Technology is injecting a new dynamism and excitement into the glamorous yet staid world of haute couture. The intricate creations that les petite mains of Paris produce are incredible, but the human hand has its’ limits. 3D printing, laser cutting, and robotics are making haute couture that no human seamstress, however skilled, could ever sew – henceforth the fashion tech solutions evolving the creation of bespoke fashion.
One-off, bespoke clothes can be created using technology like CAD design along with digital pattern making and measurements using body scanning – it will fit like a glove with absolutely no wasted materials. Not only does this technology create made to measure garments as effectively as a trained tailor, but it lets the designer’s imagination soar.
3D printed design
Take for example, the incredible creations of Iris Van Herpen. Continually pushing the boundaries of couture, Van Herpen was one of the first designers to adopt 3D printing as a garment construction technique. She works with experts in science, technology and architecture to develop her ideas. The results are astounding pieces inspired by the structure of ice crystals, smoke or the fractal patterns found in nature.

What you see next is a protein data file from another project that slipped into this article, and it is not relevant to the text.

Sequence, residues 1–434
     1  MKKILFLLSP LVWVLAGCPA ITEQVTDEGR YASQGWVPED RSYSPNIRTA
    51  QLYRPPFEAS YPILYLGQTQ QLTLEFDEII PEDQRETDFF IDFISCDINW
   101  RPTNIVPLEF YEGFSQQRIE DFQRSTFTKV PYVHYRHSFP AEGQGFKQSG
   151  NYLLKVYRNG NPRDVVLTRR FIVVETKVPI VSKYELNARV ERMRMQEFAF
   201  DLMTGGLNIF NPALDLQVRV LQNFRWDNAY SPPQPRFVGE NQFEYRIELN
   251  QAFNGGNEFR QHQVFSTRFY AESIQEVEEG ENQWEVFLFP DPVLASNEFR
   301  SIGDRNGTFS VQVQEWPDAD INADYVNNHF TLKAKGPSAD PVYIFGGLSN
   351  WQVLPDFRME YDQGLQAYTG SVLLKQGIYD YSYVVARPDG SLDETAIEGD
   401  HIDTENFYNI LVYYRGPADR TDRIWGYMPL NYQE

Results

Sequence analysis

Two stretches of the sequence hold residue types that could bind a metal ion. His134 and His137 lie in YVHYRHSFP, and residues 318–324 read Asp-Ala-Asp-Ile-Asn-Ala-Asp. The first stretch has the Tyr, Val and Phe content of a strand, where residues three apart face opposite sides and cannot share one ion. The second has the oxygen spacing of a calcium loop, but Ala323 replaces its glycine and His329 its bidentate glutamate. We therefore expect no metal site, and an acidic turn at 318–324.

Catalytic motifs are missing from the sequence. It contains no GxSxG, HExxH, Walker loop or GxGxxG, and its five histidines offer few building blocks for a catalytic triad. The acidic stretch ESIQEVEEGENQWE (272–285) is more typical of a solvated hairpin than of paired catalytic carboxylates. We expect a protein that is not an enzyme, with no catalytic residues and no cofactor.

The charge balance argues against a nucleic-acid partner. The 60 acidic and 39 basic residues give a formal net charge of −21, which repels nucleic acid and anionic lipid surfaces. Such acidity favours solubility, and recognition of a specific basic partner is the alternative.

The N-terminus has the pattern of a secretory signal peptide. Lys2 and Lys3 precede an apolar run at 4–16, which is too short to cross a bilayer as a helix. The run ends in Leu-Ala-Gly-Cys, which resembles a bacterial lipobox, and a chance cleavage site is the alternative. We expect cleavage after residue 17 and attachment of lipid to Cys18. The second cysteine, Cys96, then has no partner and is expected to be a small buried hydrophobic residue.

Recently, fashion label Carlings decided to do away with materiality altogether and created an entirely digital, limited edition collection. The consumer simply chose the garment they like online, sent the digital tailors a photo of themselves, and the technicians tweaked the digital outfit to exactly fit the buyer’s photo. The result was an image for posting on social media – which after all is where most people get to see our best outfits anyway. Similar companies such as Atacac and The Fabricant are pioneering the space, which have really come into the limelight the past couple of years and spawning endless possible ways for brands to experiment digitally.
At IFA Paris we are extremely excited about the possibilities of creating future fashions using advanced technologies, our fab lab partner Villette Makerz works with our Bachelor in Fashion Design & Technology students to do just that. This gives students hands on experience in 3D scanning of the human body, creation of custom models and finally manufacture using laser cutting. Inspired by this, we are in the process of creating our own onsite makerspace situated inside the pending fashion tech innovation lab launching in autumn 2019.